Geek Speak: Darlene Higbee Clarkin, CEO of WholeLife Holistic Nutrition
Darlene Higbee Clarkin believes her Vancouver-based startup’s line of iPhone apps will help people live healthier lives. She’s a registered holistic nutritionist and the founder and CEO of WholeLife Holistic Nutrition, which has so far released two apps but plans several more.
On October 23, WholeLife’s Blood Sugar ($2.99) debuted in Apple’s App Store. It’s aimed at people with Type 2 diabetes and anyone concerned about their blood sugar levels. The company’s first app, Quick Tips (99 cents), came out in July. WholeLife incorporated earlier this year.
Born in Montreal, Clarkin has a background in information technology. She helped build the platform for Canadian Airlines’ loyalty program in the 1980s. Later on, she cofounded and served as chief technology officer for Points.com, whose platform allows people to exchange points between multiple loyalty programs.
The Georgia Straight reached Clarkin at her home office in Vancouver.
Why did you found WholeLife Holistic Nutrition?
One of the big motivations was that I went back to school to learn more about nutrition because of my dad’s health issues—being diagnosed with diabetes and he’s become a double amputee. So I went back to school to learn more about nutrition, and quickly within the program I realized how powerful the information that I was learning was, and realized that given my background in technology that I can actually get this information out to the masses and help educate more people on how to manage their health and be preventative. So taking a very traditional offline business and bringing it online.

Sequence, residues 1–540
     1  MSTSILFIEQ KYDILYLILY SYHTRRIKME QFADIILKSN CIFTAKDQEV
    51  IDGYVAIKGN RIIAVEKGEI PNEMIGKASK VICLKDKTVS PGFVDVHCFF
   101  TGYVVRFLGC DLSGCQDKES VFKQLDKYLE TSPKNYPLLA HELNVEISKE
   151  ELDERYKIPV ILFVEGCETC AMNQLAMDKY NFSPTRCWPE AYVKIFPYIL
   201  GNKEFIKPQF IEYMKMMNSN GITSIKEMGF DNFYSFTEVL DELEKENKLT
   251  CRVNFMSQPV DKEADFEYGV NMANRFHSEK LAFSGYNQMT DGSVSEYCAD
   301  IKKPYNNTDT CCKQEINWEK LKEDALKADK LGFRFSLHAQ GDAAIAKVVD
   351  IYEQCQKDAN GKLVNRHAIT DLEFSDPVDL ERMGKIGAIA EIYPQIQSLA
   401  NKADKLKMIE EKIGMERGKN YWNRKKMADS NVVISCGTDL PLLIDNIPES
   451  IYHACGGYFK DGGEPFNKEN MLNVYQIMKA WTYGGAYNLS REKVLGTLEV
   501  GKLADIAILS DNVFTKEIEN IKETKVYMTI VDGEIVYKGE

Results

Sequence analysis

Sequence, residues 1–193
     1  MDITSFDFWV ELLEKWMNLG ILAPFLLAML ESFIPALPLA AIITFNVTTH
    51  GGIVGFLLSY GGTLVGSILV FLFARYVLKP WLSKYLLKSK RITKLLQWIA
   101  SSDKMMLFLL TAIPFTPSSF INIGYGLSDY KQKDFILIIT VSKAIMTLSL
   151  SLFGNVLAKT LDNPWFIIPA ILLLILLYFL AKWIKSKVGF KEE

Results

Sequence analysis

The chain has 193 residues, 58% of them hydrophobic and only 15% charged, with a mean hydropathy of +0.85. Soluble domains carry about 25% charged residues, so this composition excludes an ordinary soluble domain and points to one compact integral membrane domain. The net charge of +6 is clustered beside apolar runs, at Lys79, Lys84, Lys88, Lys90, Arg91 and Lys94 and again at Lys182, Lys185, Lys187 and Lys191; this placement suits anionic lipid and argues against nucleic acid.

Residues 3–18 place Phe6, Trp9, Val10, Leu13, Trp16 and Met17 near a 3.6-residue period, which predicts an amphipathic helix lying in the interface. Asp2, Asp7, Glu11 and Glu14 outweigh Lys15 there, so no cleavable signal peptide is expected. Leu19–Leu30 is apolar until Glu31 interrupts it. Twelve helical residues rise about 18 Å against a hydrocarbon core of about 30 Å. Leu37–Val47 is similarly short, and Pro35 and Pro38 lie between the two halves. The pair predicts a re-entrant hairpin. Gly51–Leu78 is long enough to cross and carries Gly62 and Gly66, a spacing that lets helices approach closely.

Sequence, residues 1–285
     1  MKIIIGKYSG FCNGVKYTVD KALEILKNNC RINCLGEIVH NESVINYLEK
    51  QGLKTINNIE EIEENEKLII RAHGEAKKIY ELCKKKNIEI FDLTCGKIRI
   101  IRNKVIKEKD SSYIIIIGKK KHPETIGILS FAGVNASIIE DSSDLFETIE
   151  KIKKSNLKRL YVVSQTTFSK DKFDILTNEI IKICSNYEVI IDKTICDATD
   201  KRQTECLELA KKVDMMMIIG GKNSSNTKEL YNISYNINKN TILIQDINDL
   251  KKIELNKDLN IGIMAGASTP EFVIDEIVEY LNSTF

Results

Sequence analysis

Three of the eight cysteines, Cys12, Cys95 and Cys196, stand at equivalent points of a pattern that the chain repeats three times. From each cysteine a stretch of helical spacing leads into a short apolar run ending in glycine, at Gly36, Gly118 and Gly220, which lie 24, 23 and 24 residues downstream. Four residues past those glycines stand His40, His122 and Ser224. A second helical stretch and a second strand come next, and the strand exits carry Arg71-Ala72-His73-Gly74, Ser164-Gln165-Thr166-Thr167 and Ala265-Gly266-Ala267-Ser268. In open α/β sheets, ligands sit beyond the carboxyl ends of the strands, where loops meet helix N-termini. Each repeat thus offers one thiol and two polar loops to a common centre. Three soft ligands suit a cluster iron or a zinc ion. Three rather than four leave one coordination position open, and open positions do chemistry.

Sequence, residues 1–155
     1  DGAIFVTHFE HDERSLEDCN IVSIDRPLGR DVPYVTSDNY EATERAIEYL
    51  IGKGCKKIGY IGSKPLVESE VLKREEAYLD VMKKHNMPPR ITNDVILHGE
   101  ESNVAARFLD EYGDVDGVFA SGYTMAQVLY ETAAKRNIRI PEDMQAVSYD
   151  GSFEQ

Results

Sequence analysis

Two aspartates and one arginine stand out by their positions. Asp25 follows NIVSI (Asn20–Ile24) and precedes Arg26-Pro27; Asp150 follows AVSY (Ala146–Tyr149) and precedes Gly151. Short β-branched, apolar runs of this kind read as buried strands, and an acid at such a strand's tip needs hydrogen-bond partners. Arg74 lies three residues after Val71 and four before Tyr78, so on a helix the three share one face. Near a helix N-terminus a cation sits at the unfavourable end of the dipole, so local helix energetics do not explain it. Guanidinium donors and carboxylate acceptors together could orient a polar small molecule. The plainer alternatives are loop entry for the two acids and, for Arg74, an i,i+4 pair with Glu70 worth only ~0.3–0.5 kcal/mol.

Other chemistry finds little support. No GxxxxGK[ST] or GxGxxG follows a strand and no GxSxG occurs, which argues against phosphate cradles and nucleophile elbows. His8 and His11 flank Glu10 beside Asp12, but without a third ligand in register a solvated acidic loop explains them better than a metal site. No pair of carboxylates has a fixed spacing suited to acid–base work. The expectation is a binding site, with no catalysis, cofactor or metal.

Who is the Blood Sugar app designed to help?
It’s actually going to help everybody. It’s very preventative as well as therapeutic. From a therapeutic approach, it’s more geared toward Type 2 diabetes. But it’s about prevention. It’s got the top 100 foods in there that balance your blood sugar. It’s educating you on how to balance your blood sugar, so it can be used by the everyday person.
How exactly does someone with Type 2 diabetes use the app?
What we’ve provided them with is guidelines for diet, supplements, and lifestyle—on all of the things that they need to incorporate into their diet and into their lifestyle to help balance their blood sugar. What we’ve done is we’ve provided them with the top 100 foods that help them manage their blood sugar. You can go into the diet section and see the whole list under various categories. We’ve categorized everything under your fats and oils, your beverages, so you can see a list of “Here’s all the beverages I should be drinking.” For each of those items, the science is written behind them and what they do to help balance your blood sugar. So we educate you on why we’re recommending that food item or that supplement or that lifestyle change—what it does—and everything is backed by science. That’s the one thing. We take a very integrative approach. We ensure that the research is behind everything that we’ve recommended.